Both PLH and Dom have early versions of such a tool.
We have a community of dedicated people who translate specifications so that they can be read in a language more convenient to some of our users (see for instance Veebi sisu juurdepääsetavussuunised (WCAG) 2.0).
Translation can be difficult to organise well, and it can be hard to collaborate on a translation, especially for non-technical users who can nevertheless contribute usefully to this effort.
It would be interesting to have tools that support easier translation of our specifications, such as side-by-side views and document views updated live as the code is changed (to make things easier on those who have limited HTML experience).
Developers use W3C technology a lot, and some of our services. Yet we make little use of this interaction in order to build a relationship that we badly need. There is currently a lost opportunity to turn these useful (and, in some cases, used) tools into goodwill and good feedback. We are probably not getting as many donations as we could from these.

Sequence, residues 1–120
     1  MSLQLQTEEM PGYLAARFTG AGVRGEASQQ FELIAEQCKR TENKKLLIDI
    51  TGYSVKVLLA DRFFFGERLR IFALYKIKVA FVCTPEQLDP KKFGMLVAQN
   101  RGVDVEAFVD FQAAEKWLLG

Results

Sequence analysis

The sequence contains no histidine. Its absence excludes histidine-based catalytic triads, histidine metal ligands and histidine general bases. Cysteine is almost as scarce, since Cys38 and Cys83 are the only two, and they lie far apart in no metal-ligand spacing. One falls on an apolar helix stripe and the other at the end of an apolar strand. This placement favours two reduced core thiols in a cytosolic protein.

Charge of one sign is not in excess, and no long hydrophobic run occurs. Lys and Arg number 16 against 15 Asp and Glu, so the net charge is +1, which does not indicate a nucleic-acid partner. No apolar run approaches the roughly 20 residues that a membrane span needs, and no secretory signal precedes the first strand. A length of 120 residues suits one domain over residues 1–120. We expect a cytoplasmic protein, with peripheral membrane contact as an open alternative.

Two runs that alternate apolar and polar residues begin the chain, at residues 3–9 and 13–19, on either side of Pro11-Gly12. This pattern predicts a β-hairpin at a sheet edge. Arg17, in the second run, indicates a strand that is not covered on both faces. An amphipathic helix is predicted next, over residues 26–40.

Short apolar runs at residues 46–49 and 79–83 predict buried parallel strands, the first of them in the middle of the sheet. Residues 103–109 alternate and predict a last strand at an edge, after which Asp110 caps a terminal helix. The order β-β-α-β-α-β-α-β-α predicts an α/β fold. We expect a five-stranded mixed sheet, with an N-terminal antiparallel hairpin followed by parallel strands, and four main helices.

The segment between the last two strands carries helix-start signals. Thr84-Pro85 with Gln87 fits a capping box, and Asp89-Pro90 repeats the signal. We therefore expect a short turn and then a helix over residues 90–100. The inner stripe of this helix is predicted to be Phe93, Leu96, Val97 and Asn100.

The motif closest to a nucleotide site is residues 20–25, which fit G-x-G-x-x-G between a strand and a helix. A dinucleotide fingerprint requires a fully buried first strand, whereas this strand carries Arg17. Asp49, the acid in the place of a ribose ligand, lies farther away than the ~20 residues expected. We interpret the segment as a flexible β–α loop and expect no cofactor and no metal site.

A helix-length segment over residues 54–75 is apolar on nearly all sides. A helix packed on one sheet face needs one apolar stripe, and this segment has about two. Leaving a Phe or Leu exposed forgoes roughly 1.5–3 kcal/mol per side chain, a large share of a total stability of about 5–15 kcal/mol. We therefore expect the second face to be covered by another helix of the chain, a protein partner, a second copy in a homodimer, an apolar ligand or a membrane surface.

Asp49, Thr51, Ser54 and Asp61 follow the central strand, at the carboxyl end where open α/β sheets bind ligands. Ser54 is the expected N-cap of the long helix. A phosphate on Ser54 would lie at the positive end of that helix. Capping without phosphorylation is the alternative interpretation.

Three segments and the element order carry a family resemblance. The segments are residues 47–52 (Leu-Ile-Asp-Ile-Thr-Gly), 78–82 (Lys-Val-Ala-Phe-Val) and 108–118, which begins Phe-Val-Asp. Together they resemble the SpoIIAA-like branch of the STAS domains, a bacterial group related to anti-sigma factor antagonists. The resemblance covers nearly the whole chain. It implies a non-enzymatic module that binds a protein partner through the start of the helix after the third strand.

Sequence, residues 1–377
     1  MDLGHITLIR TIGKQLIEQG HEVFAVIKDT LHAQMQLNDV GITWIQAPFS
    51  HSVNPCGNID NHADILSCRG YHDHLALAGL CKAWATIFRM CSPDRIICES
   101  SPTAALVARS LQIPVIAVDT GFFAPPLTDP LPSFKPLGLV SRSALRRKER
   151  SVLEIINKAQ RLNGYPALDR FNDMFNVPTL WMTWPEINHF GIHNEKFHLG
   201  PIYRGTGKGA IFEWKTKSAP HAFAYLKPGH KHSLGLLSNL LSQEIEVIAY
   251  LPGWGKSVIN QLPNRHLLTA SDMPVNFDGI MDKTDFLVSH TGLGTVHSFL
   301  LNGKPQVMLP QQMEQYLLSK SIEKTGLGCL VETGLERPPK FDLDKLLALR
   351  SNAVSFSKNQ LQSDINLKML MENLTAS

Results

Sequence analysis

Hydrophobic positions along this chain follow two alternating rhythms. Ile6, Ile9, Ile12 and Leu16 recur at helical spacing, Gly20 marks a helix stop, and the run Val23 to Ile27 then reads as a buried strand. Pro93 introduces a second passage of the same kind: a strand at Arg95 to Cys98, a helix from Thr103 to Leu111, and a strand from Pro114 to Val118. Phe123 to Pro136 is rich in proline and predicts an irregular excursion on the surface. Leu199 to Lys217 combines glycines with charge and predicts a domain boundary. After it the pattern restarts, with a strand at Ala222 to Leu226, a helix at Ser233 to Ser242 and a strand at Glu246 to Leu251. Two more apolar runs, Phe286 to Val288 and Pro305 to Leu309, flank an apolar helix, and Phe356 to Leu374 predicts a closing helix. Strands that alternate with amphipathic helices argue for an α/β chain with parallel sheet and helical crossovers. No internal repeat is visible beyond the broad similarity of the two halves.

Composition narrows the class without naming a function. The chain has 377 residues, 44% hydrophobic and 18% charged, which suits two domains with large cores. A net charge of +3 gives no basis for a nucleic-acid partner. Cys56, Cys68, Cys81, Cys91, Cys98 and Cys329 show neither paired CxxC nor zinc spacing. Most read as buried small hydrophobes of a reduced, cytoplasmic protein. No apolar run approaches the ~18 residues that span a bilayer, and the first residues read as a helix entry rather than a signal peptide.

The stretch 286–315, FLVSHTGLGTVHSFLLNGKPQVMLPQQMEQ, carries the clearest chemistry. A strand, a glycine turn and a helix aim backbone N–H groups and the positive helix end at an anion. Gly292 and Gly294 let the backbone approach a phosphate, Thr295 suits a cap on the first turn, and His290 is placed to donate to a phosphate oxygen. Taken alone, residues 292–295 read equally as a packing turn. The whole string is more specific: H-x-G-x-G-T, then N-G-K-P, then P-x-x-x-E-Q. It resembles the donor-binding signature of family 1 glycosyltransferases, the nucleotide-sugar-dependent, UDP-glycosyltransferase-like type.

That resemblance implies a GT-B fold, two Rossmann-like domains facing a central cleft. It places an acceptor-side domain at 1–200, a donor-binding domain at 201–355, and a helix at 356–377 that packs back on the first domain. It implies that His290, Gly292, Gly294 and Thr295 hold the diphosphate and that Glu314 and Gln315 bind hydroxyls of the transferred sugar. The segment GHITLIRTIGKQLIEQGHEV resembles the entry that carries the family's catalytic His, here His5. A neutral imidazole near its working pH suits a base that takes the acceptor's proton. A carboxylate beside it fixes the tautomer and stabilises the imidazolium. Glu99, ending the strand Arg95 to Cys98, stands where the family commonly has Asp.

We don’t offer an integrated view on the tools that we make available to developers. There is ongoing work in exposing this through a simple landing page. The W3C developer page aims to provide developers with a summary of all our open source tools and links to helpful resources. It is currently in development, and you can contribute to it in its Github repository.
You are very welcome to join the discussion about features, design and more in the developers repository’s issues.
The Link Checker is one of the more useful resources that W3C exposes, but it is woefully antiquated.
While not a top priority, it would be useful to rebuild it with modern technology and a modern interface. It should be relatively straightforward to make it a fair bit faster, if only by adding some caching.